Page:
Wednesday, November 2, 2016

Astoria Music Festival presents special concert this Friday

From the Press Release:

Internationally acclaimed cellist Sergey Antonov

GOLD MEDAL WINNER International Tchaikovsky Competition (Moscow)

Internationally acclaimed pianist Ilya Kazantseva

GOLD MEDAL WINNER Nikolai Rubinstein International Competition (Paris)

Together at the intimate Liberty Theater for an evening of classical music with a dash of cool!

The Astoria Music Festival will present two internationally acclaimed artists in a special concert on Friday, November 4, 2016 at 7:30 pm in Astoria’s Liberty Theater. A gala Artists Reception for patron ticket holders follows the concert at Carruthers, Astoria’s newest gourmet restaurant immediately adjacent the theater.

The concert will feature Sergey Antonov, youngest cellist to win Moscowʼs prestigious International Tchaikovsky Competition and an Astoria Music Festival audience favorite, and pianist Ilya Kazantsev, First Prize Winner at the Nikolai Rubinstein International Competition in Paris, the International Chopin Competition in Moscow and two-time winner of the World Piano Competition in Cincinnati.

This performance provides North Coast audiences an opportunity to hear a celebrated international musical team in the intimate surroundings of the Liberty Theater. The pair regularly appear together in the worldʼs finest concert halls and have become popular members of the Astoria Music Festival roster each summer. Sergey Antonov is a longtime favorite of Festival audiences; where his accomplishments have included concertos, chamber music, solo recitals, children’s concerts, and summiting Mt. Hood with Astoriaʼs music-loving radiologist Dr. William Armington and Israel Nebeker, leader of Astoria-based popular recording group Blind Pilot.

The program features sonatas by Saint-Saens and Benjamin Britten, as well as shorter showpieces for cello and piano.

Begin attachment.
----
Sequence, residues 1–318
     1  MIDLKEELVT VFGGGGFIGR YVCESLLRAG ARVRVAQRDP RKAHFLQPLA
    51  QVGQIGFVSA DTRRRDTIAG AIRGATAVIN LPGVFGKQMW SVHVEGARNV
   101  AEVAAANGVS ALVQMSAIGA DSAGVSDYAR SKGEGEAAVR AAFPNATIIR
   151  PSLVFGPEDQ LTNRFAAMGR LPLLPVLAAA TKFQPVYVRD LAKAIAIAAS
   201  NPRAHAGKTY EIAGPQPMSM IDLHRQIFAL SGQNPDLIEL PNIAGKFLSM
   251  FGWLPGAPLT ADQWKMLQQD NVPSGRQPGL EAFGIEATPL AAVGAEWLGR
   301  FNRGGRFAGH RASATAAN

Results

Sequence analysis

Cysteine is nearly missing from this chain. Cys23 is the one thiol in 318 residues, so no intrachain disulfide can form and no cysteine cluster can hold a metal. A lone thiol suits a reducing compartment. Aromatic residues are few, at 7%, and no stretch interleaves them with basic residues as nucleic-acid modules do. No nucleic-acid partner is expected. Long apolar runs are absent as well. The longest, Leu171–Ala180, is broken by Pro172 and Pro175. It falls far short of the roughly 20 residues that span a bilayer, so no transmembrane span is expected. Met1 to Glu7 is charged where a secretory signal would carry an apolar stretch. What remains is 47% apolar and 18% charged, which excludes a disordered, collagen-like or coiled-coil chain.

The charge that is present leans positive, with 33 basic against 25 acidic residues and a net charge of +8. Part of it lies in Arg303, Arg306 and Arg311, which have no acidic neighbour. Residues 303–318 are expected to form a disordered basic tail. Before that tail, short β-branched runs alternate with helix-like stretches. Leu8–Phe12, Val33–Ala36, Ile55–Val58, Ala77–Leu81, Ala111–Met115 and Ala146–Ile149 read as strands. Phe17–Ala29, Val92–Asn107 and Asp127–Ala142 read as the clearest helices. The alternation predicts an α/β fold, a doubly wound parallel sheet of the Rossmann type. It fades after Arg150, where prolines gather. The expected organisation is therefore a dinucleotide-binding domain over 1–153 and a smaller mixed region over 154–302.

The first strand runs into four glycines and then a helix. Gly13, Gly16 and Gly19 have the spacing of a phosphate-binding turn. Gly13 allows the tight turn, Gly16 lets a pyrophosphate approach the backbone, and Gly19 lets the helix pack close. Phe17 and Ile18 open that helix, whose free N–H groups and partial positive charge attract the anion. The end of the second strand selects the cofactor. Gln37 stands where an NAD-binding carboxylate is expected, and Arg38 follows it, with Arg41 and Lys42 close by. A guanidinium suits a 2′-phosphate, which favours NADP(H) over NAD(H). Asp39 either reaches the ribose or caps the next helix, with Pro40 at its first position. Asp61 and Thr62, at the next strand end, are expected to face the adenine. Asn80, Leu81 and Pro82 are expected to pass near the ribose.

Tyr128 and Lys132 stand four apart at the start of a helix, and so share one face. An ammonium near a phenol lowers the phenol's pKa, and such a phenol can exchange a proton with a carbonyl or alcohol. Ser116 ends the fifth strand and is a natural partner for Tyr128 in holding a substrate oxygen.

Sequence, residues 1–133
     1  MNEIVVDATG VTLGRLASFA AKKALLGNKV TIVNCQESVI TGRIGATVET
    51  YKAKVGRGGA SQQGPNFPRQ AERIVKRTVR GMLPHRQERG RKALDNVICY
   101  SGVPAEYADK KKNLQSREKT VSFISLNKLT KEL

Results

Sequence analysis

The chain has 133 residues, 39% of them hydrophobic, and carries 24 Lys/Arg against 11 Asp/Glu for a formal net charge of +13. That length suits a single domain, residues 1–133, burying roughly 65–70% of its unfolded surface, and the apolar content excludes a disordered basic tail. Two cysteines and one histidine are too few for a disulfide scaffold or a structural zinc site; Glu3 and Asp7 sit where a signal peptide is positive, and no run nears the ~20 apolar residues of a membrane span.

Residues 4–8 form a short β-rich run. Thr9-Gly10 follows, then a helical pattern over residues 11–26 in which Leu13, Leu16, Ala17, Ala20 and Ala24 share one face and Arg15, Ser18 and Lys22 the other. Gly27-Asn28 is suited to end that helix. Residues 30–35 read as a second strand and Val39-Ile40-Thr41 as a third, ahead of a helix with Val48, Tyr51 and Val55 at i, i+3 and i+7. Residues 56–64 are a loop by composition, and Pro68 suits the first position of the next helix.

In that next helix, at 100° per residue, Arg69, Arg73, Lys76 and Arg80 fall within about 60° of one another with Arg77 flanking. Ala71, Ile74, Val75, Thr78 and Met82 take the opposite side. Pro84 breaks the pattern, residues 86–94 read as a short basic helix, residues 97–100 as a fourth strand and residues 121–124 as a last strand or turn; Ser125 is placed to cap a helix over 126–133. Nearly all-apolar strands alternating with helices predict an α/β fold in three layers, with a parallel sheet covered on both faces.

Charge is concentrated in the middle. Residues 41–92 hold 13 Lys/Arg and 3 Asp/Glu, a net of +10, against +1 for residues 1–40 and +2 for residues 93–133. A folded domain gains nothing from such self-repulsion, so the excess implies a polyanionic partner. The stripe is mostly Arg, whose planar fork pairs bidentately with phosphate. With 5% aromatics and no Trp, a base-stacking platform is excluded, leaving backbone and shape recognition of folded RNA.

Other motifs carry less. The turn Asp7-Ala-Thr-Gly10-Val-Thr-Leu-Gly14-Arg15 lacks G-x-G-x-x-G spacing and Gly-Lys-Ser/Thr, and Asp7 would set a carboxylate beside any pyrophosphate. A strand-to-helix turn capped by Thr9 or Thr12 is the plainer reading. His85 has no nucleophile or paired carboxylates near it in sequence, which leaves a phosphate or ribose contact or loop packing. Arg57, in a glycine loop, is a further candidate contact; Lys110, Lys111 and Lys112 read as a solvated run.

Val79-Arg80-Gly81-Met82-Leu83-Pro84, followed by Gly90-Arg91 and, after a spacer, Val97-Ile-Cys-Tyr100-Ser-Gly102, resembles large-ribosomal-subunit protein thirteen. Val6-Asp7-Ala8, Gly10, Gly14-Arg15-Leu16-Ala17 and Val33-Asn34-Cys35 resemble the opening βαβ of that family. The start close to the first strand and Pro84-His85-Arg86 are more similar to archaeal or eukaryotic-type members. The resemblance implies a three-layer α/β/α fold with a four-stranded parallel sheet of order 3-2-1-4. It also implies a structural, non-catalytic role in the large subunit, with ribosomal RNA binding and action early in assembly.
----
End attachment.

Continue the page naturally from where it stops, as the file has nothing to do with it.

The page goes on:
Camille Saint-Saëns Cello Sonata No. 1 in C Minor, Op. 32
The turbulent Cello Sonata No. 1, which makes full use of the lower registers of both cello and piano, reflects the composer’s sadness at the loss of a beloved family member and at the state of France following Napoleon III’s crushing defeat by Prussia at Sedan in 1870. 

Benjamin Britten Cello Sonata, Op. 65
This sonata is Britten's first of five major works written for Sergey Antonov’s celebrated teacher Mstislav Rostropovich. In the timbre and counterpoint of Scherzo-Pizzicato movement, one can immediately detect indebtedness to the Indonesian Balinese gamelan tradition. The virtuosic Moto Perpetuo final movement uses the “DSCH” motif (D-E flat-C-B natural) as a coded tribute to the name Dmitri Shostakovich, the composer who inspired Britten to write for cello.


Ticket Prices: $40 Patron Reserved Seats and Post-Concert Reception at Carruthers. $25 General Admission. $5 Student.

Ticket are available from the Liberty Theater Box Office, 1203 Commercial Street, Astoria, 97103, Wednesday through Saturday from 2:00PM to 5:30PM, by phone at (503) 325-5922 EXT. 55, or online at

Tickets are also available from TICKETS WEST at (503) 224-8499 or (800) 922-8499. Tickets purchased through Tickets West are subject to a convenience charge and may be held at Will-Call on the night of performance to avoid shipping charge.

For additional information, phone the Astoria Music Festival office at (503) 325-9896 or online at

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